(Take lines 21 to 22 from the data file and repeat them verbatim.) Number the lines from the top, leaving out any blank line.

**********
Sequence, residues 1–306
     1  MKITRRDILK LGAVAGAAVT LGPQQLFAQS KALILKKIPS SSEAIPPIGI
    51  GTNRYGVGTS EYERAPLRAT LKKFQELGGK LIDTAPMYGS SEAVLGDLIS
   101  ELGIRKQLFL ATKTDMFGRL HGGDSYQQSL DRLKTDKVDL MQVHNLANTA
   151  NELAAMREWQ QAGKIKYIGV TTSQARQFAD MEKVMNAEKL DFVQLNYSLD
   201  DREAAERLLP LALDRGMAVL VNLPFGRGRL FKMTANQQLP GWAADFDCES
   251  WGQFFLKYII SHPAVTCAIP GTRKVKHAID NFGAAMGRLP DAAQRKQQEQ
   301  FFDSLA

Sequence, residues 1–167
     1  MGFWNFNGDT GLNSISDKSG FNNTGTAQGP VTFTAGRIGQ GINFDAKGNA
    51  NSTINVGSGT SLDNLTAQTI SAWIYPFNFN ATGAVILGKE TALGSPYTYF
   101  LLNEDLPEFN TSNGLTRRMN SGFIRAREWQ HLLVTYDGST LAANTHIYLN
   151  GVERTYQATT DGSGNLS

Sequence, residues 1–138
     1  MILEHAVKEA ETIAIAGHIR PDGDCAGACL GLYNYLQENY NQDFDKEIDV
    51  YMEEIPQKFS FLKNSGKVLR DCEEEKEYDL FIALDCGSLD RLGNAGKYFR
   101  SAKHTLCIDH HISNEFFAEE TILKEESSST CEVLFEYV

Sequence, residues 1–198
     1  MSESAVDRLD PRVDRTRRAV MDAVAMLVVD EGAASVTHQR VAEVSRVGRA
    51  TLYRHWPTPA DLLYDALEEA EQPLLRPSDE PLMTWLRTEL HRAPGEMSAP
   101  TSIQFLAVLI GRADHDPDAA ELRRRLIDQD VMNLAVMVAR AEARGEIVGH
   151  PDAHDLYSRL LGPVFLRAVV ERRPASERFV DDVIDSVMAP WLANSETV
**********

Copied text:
   101  TSIQFLAVLI GRADHDPDAA ELRRRLIDQD VMNLAVMVAR AEARGEIVGH
   151  PDAHDLYSRL LGPVFLRAVV ERRPASERFV DDVIDSVMAP WLANSETV